The in vivo invasion assay: preparation and handling of collection needles.

Abstract

Analysis of the individual steps in metastasis is crucial if insights at the molecular level are to be linked to the cell biology of cancer. A technical hurdle to achieving the analysis of the individual steps of metastasis is the fact that, at the gross level, tumors are heterogeneous in both animal models and patients. Human primary tumors show extensive variation in all properties ranging from growth and morphology of the tumor through tumor-cell density in the blood and formation and growth of metastases. Methods capable of the direct visualization and analysis of tumor-cell behavior at single-cell resolution in vivo have become crucial in advancing the understanding of mechanisms of metastasis, the definition of microenvironment, and the markers related to both. High-resolution multiphoton imaging of tumors in vivo is a valuable tool in this regard. Because tumor cells have been found to be attracted to blood vessels, the in vivo invasion assay was developed to analyze which factors may stimulate invasion of these cells into the vessels. This protocol describes the preparation and handling of collection needles for the assay. A set of 33-gauge needles is used to create artificial or surrogate blood vessels that are injected into tumors, using a special holding device attached to a micromanipulator to stabilize the needle positions during and after insertion into the anesthetized animal. The needles are filled with Matrigel and various growth factors to determine which of these factors may influence the invading tumor cells.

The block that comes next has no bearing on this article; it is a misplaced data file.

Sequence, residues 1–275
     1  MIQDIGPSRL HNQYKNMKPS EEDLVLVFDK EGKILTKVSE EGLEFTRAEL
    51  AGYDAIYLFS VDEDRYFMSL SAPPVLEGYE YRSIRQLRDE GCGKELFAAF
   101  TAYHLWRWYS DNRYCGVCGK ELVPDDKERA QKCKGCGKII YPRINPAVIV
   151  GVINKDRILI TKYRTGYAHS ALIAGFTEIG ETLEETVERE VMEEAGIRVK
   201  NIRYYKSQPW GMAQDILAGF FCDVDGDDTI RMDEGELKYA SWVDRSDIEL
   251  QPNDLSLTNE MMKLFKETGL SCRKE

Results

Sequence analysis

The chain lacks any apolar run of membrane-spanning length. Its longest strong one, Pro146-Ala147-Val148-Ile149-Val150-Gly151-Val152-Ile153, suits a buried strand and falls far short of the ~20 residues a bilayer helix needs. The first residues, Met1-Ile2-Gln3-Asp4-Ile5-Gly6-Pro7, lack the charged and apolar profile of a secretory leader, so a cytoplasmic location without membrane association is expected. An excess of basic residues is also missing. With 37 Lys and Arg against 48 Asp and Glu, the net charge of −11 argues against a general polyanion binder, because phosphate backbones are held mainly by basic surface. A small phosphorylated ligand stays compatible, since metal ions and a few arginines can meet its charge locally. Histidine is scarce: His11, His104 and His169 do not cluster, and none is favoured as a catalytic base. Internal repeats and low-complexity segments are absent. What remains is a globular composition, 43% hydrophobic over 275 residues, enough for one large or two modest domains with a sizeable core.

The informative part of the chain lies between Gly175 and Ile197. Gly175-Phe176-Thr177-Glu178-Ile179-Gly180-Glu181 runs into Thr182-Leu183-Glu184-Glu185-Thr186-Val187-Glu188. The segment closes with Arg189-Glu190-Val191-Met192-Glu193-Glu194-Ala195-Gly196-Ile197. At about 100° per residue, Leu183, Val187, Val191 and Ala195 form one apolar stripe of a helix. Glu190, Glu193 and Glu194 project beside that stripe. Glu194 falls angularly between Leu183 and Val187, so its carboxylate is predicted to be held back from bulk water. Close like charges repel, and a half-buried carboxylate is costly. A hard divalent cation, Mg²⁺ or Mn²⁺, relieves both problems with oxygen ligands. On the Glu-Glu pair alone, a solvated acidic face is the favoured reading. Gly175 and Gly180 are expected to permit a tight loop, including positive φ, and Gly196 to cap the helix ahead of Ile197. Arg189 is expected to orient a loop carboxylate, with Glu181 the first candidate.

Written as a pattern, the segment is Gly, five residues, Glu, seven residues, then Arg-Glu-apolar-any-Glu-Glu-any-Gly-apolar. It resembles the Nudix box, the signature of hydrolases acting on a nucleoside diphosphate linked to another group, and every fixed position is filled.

DOI: 10.1101/pdb.prot065912
010020030020162017
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@article{Wyckoff2011TheIV, title={The in vivo invasion assay: preparation and handling of collection needles.}, author={Jeffrey B. Wyckoff and Bojana Gligorijevic and David Entenberg and Jeffrey E. Segall and John S Condeelis}, journal={Cold Spring Harbor protocols}, year={2011}, volume={2011 10}, pages={1232-4} }